Last week, Facebook made a change resulted in small businesses losing the ability to create custom landing pages. Facebook later reversed their decision. Dennis Yu at Blitzlocal comment on the custom landing page change noting:
this just underscores the risk of building your business on someone else’s website. You’re at the whim of their policy changes.
This should be in loud screaming letters. Having no Plan B, no alternatives is lunacy.
Having business alternatives is like keeping backups of your data. The Facebook change may have been inadvertent this time and reversed in part, but the larger reality is that it really doesn’t matter. There was a business impact on businesses wholly dependent on FB. If the *only* way a business has to communicate to their customers is FB – then what happens when:
- Facebook decides that the business is a spammer?
- Facebook has a bug that turns off access to sites starting with the letter ‘b’ ?
- Facebook decides the account is violating the Facebook ToS?
- Facebook suffers a data corruption that drops all the business’s fans?
- Facebook enters into a court agreement requiring Facebook change the way businesses can interact with users?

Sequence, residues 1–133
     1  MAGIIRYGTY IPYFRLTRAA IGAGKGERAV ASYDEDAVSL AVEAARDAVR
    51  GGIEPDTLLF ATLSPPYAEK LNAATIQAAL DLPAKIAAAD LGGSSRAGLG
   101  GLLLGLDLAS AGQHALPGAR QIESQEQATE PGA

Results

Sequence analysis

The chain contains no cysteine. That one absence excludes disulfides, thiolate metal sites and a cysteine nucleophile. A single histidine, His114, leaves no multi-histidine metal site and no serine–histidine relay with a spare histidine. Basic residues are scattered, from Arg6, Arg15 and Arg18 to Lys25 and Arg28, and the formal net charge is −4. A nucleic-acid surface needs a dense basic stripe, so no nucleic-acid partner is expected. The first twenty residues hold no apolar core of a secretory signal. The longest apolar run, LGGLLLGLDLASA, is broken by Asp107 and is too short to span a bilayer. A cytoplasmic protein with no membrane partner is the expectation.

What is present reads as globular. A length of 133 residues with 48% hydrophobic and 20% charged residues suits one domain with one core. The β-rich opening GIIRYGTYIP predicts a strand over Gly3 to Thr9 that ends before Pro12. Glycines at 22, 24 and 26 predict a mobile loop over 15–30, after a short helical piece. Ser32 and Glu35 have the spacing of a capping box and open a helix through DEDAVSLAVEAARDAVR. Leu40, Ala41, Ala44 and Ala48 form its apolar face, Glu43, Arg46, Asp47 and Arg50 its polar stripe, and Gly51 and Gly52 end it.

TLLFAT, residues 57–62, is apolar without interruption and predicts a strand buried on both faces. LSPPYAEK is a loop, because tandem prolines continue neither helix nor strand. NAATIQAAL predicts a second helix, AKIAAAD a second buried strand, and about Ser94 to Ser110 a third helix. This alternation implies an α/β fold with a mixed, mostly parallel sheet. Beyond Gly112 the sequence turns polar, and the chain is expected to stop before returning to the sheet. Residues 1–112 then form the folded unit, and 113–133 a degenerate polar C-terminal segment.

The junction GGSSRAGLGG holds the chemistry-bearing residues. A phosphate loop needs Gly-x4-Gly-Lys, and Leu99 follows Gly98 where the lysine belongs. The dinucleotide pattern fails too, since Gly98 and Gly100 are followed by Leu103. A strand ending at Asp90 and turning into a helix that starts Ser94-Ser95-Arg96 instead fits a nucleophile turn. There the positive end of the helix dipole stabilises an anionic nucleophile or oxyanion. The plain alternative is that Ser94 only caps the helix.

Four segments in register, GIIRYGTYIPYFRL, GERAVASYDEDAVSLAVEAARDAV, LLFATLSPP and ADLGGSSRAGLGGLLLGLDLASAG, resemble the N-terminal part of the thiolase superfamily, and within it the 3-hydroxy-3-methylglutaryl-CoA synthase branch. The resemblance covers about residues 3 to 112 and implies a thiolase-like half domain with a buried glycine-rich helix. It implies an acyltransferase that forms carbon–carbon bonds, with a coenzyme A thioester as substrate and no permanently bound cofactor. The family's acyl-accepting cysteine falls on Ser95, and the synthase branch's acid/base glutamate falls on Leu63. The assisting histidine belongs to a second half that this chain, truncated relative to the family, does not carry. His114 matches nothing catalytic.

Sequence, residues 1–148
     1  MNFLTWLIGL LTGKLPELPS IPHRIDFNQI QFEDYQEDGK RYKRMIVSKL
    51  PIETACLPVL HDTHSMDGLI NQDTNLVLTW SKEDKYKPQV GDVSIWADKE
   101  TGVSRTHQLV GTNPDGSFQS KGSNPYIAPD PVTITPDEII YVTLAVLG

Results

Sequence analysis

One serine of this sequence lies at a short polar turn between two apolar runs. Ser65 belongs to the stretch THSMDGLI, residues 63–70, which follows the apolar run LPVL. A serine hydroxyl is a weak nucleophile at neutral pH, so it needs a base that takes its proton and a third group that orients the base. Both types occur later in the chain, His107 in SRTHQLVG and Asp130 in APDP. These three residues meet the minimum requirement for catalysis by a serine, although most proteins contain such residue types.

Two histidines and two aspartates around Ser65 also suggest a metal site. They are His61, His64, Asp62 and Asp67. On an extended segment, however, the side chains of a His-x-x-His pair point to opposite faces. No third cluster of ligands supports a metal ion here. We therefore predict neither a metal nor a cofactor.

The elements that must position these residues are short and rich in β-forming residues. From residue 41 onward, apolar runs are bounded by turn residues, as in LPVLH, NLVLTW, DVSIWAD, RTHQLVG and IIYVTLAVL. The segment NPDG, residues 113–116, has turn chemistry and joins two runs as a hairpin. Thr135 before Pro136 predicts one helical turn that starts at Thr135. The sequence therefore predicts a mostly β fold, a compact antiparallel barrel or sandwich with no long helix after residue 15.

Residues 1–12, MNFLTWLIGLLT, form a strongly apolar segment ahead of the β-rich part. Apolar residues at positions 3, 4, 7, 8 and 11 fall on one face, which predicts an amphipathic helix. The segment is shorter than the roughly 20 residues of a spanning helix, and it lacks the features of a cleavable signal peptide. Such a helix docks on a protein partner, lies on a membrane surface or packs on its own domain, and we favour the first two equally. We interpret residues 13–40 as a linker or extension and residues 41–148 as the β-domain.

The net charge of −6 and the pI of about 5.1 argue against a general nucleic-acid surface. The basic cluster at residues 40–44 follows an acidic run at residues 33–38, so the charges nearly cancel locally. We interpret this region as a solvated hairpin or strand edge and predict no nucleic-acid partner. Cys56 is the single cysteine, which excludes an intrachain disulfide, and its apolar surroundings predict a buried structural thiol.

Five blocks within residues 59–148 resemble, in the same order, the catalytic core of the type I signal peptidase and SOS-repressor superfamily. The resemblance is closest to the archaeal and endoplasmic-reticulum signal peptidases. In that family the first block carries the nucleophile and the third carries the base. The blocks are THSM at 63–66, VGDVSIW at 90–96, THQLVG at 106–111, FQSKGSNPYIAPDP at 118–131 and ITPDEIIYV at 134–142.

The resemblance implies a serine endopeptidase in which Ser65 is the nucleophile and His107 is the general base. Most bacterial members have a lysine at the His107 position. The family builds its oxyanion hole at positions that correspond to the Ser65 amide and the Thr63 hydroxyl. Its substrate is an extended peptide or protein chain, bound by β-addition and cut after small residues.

Businesses dependent on Facebook need to realize :
- They have no enforceable contract with Facebook
- They have no recourse for any economic impacts of Facebook decisions or failures
- Blowback against Facebook impact their own business directly.
Right now Facebook shows little understanding of the larger issues around privacy. Read the “interaction” between Elliot Schrage VP at Facebook and the New York Times public. Elliot seems to think that Facebook’s problem is that there is just a lack of understanding. Elliot thinks that Facebook does not need to change their behavior, just explain better:
We’ve worked hard to educate our users about changes to, and innovations in, our products. Facebook users receive notices about our new products and whenever we propose a change to any policies governing the site, we have notified users and solicited feedback.
Clearly, this is not enough. We will soon ramp up our efforts to provide better guidance to those confused about how to control sharing and maintain privacy.
Facebook does not have to be malicious, to cause harm.
Facebook is indifferent. If a business is not big enough, can’t organize a massive response…..